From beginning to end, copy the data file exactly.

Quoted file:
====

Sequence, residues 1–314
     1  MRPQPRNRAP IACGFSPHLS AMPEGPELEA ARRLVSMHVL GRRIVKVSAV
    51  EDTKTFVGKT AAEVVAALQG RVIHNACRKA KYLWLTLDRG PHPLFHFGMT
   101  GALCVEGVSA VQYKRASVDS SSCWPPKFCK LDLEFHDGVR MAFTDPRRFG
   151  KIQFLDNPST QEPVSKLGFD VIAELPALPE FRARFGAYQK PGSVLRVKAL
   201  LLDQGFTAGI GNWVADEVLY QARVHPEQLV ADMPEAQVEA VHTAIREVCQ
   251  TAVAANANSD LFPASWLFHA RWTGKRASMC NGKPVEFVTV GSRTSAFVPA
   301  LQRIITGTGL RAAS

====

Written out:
Sequence, residues 1–314
     1  MRPQPRNRAP IACGFSPHLS AMPEGPELEA ARRLVSMHVL GRRIVKVSAV
    51  EDTKTFVGKT AAEVVAALQG RVIHNACRKA KYLWLTLDRG PHPLFHFGMT
   101  GALCVEGVSA VQYKRASVDS SSCWPPKFCK LDLEFHDGVR MAFTDPRRFG
   151  KIQFLDNPST QEPVSKLGFD VIAELPALPE FRARFGAYQK PGSVLRVKAL
   201  LLDQGFTAGI GNWVADEVLY QARVHPEQLV ADMPEAQVEA VHTAIREVCQ
   251  TAVAANANSD LFPASWLFHA RWTGKRASMC NGKPVEFVTV GSRTSAFVPA
   301  LQRIITGTGL RAAS